The Dwyers had started their careers in racing not as wealthy financiers like August Belmont II, but as butchers with a shop at the corner of Atlantic Avenue and Court Street in Brooklyn. One of their customers was August Belmont II himself, who offered to sell them a horse named Rhadamanthus. Thus, the Dwyers found their niche in racing: buying horses that were already proven on the racetrack and then taking in the spoils of their success, rewarding themselves with purse money and gambling winners. Though Tremont and Hanover beat Kingston each time they met in 1886, the brothers still worried that the son of Spendthrift could be a problem for their horses the next year, so they bought him for $12,500.

In the brothers’ silks, red with a blue sash, Kingston became a star. At age three, he raced 18 times, with 13 wins and four in-the-money finishes. At four and five, he lost only once each season, compiling 23 wins in 25 starts over those two seasons. He also set a record for 10 furlongs, 2:06 1/2, in 1889 when he won the First Special at Gravesend with Isaac Murphy in the saddle.

In 1891, Phil and Mike Dwyer split up their stable with Mike buying out his brother’s share in Kingston for $30,000. The son of Spendthrift raced four more years until he was 10 years old and ended his career with 138 starts over nine seasons, which is still a record for the highest number of career starts. His tally stands at 89 wins, 33 seconds, and 12 thirds for $140,195 in total winnings. Remarkably, Kingston was out of the money only four times in his career.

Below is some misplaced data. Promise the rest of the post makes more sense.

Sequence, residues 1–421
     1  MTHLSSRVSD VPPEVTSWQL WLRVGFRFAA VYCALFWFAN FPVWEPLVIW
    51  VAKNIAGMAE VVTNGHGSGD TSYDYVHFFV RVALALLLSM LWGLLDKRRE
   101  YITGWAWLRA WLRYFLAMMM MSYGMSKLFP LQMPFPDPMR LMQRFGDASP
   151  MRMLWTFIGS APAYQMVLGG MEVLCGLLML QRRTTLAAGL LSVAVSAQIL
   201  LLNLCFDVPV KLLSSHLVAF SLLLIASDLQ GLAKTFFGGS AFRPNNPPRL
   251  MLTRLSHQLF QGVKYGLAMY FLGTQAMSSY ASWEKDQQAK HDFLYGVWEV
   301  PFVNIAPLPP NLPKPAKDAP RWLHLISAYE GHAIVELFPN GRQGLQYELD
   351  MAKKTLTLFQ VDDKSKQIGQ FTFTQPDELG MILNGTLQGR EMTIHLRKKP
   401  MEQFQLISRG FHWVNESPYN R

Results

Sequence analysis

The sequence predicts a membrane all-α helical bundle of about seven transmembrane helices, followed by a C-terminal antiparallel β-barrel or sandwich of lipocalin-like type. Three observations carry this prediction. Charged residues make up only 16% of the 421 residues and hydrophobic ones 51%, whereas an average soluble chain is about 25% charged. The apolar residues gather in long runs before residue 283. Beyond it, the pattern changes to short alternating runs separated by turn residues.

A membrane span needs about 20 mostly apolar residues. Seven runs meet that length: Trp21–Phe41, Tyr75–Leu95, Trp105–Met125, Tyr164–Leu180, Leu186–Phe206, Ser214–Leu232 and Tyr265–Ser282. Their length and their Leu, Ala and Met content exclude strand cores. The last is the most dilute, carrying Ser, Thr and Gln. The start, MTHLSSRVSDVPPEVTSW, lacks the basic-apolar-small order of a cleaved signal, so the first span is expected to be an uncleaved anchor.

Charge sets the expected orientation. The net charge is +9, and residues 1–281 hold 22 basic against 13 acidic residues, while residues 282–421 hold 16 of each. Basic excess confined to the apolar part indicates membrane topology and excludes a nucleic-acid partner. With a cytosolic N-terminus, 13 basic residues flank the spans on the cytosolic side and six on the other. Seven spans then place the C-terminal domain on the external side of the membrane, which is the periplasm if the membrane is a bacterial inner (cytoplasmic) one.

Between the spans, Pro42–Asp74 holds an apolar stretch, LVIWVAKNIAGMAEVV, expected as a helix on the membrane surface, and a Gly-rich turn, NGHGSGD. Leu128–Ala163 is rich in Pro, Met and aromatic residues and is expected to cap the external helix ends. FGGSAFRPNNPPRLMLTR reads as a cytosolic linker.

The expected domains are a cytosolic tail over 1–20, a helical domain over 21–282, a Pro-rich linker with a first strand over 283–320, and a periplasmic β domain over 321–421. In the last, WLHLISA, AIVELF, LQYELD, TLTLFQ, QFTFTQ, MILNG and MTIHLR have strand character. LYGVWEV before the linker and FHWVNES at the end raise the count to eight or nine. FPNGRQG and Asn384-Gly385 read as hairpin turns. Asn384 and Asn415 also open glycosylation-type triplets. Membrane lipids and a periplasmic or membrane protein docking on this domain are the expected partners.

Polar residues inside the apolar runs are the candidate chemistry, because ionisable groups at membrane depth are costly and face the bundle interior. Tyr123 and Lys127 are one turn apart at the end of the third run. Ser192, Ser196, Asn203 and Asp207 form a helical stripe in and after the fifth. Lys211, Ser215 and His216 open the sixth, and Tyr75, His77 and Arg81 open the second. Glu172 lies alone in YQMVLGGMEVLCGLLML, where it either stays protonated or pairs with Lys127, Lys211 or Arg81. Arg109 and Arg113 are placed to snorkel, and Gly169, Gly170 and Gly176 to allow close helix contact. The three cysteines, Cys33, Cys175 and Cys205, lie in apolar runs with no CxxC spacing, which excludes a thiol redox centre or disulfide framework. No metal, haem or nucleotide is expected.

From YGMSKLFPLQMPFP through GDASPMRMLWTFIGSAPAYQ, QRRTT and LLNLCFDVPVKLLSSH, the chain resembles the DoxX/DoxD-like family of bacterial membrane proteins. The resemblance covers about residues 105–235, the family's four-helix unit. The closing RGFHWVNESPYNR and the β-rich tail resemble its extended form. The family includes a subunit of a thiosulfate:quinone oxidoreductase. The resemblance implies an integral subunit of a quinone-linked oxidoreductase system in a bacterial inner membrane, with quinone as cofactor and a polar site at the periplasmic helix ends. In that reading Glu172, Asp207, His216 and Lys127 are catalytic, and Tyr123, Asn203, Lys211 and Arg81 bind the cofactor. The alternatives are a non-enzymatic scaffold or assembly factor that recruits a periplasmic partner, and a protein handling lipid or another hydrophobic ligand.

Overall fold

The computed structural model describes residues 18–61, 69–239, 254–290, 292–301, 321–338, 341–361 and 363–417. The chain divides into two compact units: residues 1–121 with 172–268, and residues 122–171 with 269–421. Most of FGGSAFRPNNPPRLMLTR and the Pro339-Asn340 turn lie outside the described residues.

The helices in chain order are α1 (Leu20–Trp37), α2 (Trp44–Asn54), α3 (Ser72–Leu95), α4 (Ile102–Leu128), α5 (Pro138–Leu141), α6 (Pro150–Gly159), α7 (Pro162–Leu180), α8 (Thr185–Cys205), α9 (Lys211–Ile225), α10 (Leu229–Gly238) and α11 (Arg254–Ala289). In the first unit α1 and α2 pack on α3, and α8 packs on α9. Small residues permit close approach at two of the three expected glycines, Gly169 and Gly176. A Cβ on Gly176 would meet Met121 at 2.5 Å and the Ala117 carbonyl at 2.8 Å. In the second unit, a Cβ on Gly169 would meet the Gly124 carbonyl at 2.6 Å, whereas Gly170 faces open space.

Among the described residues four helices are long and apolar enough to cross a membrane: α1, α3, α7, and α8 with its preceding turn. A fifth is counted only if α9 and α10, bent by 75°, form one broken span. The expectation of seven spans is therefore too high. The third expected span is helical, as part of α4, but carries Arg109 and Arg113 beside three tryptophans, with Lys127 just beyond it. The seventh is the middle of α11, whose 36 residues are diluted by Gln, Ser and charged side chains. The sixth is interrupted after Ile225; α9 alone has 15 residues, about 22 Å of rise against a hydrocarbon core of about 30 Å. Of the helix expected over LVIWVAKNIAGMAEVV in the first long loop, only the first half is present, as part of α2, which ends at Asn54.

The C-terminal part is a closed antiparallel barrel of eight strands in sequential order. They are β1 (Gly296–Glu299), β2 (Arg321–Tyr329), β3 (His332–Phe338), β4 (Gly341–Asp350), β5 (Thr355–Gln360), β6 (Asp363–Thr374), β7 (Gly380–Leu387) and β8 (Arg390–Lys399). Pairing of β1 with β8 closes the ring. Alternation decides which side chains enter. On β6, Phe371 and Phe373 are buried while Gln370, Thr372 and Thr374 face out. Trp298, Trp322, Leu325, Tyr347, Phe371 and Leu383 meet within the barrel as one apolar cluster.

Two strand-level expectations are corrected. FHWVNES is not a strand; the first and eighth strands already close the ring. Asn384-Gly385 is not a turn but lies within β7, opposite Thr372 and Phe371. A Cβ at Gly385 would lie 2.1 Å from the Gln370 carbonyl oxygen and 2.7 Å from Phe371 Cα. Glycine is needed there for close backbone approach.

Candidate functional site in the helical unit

An Extraordinary Record

Even more extraordinary than racing 138 times in his career is that Kingston was a whole horse, not a gelding like Zippy Chippy and Exterminator, both of whom are similarly known for their longevity on the track. Countering the assumption that horses who race too long sour as sires, Kingston excelled at his duties as a stallion in the same way he had succeeded on the track.

His fortune recovered, Keene bought his homebred stallion back from Mike Dwyer for $25,000 and sent him to his newly acquired Castleton Farm near Lexington. There, Kingston stood alongside horses like Domino, Commando, and others as Keene parlayed his wealth into a breeding and racing operation that turned out horses like Sysonby, Colin, and Maskette. Kingston sired Novelty, winner of the Hopeful and the Futurity at age two; Belmont Stakes winner Ildrim; and King’s Courier, who won stakes in both the United States and England, including the Doncaster Cup and the Jockey Club Stakes.

More than a century after he last set foot on a racetrack, Kingston remains an essential example of athletic longevity. Keene’s excellent son of Spendthrift raced successfully for more than one owner and then nearly 20 years of service as a sire, producing winners in both America and England. He remains a shining example of what the Thoroughbred can be.